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Fish behaviour and appearance affected by stress

Pike swimming in dark water. Photo.
The presence of predator fish like pike causes bodily changes in fish that fear to be eaten. Photo: Marcel Einig, Pixabay

Jerker Vinterstare at Lund University has studied the crucian carp species. In his doctoral thesis, he shows that residues of antidepressant medication in the water can cause changes in fish behaviour, making them nervous and cowardly. He also shows that when predatory fish such as northern pike are in the vicinity, the crucian carp can change their body shape, eye size and colour, but also modify their circadian rhythm.

In addition, he has discovered major differences between the ways in which males and females react to an imminent risk of being eaten. 

Become nervous

SSRI medication such as Prozac and fluoxetine is prescribed fairly often to treat mental illness. Use of this type of medication has resulted in detectable residues of antidepressants in waterways. Vinterstare’s thesis investigates among other things how residues of the signal substance serotonin, an ingredient in SSRI medication, affect crucian carp. His findings show that individuals which receive a relatively high dose become nervous and cowardly in a completely different way to those that have not been exposed to the substance.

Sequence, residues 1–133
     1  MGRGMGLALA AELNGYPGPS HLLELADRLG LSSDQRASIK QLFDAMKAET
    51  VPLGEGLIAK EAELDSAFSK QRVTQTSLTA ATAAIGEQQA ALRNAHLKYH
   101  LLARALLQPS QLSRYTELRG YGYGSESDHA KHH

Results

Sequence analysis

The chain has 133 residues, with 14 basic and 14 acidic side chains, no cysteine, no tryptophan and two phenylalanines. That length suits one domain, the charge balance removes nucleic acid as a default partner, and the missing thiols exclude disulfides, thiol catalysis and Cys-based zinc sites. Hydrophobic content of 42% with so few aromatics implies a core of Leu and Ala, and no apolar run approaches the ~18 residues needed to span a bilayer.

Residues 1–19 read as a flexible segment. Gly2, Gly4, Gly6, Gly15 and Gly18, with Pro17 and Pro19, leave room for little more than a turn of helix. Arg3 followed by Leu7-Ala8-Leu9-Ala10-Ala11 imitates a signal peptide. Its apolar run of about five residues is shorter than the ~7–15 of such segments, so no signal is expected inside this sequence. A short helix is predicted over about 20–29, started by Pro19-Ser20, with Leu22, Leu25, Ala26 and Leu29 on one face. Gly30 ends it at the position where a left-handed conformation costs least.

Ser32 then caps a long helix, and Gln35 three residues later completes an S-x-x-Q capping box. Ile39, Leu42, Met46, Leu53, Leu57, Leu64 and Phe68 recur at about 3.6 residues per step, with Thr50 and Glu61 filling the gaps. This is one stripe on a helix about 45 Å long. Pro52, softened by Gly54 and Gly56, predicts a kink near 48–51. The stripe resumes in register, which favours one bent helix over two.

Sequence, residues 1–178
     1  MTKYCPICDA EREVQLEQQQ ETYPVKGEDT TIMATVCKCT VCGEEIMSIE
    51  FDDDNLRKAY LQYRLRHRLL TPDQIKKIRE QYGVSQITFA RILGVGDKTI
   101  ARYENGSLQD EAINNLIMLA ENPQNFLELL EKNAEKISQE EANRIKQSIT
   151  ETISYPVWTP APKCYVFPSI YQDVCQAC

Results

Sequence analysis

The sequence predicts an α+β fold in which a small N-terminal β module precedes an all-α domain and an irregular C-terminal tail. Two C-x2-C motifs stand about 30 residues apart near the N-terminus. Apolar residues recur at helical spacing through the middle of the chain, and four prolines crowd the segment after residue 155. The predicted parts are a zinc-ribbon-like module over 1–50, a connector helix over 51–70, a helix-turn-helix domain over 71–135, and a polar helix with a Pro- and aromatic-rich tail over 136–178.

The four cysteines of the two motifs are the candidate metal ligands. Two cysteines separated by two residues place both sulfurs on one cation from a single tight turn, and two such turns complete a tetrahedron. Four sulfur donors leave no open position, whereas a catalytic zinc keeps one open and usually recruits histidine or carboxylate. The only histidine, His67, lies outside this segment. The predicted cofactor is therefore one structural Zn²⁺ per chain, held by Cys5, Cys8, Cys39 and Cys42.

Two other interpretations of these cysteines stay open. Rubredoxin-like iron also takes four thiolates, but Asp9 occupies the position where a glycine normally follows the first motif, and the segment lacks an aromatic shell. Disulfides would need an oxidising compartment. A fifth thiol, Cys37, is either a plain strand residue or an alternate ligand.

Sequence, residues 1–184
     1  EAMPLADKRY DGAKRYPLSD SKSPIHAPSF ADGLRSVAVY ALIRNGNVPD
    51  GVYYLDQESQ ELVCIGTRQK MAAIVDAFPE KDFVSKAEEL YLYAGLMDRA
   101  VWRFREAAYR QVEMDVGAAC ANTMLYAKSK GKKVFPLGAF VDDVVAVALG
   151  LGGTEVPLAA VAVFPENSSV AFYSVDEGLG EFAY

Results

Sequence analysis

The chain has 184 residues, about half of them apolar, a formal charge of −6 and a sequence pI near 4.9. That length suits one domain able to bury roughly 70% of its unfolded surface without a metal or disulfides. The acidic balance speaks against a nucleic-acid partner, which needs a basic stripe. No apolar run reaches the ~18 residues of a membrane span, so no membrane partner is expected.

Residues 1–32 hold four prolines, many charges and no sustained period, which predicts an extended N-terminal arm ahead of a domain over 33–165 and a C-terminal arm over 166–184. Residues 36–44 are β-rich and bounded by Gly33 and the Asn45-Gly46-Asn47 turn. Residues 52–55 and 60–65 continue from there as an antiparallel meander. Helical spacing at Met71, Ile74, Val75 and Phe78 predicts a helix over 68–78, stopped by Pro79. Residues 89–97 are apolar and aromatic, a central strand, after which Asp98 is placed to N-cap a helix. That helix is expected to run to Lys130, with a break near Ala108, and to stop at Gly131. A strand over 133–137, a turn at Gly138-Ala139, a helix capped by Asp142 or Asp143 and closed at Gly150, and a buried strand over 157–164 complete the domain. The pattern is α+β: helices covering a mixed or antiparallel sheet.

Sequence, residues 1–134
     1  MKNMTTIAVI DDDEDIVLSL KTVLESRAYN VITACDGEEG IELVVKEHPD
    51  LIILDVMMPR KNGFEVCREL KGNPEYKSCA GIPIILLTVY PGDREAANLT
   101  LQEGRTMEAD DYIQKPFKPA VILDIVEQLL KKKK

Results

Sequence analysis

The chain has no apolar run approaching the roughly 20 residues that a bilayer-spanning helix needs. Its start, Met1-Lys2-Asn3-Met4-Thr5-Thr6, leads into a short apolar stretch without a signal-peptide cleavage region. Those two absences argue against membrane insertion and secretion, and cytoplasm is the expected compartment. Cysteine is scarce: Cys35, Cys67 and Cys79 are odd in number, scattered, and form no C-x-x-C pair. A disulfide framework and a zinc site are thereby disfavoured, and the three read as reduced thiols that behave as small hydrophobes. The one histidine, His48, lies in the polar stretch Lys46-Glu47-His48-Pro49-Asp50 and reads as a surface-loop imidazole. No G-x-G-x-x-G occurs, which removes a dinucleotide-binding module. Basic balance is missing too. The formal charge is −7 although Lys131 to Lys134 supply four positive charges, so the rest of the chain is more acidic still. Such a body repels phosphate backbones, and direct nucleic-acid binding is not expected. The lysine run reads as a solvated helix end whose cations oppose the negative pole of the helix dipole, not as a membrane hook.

However, the changes caused by the ingestion of antidepressants are not limited to fish behaviour but also affect their body shape (the belly increases in size).

React differently

Stress in the form of approaching danger from predatory fish also changes the body shape of the crucian carp. When northern pike are lurking in the reeds, the carp react in part by acquiring a darker colour, and in part by becoming taller as their backs grow. But males and females react differently to predatory fish: whereas the males become significantly taller, the females barely change.

“The males appear to direct their energy towards preparing to protect themselves against their natural enemies, whereas the females dedicate their energy towards producing offspring”, says Vinterstare.

He defended his thesis in March: Defence on Demand: A physiological perspective on phenotypic plasticity in anti-predator traits.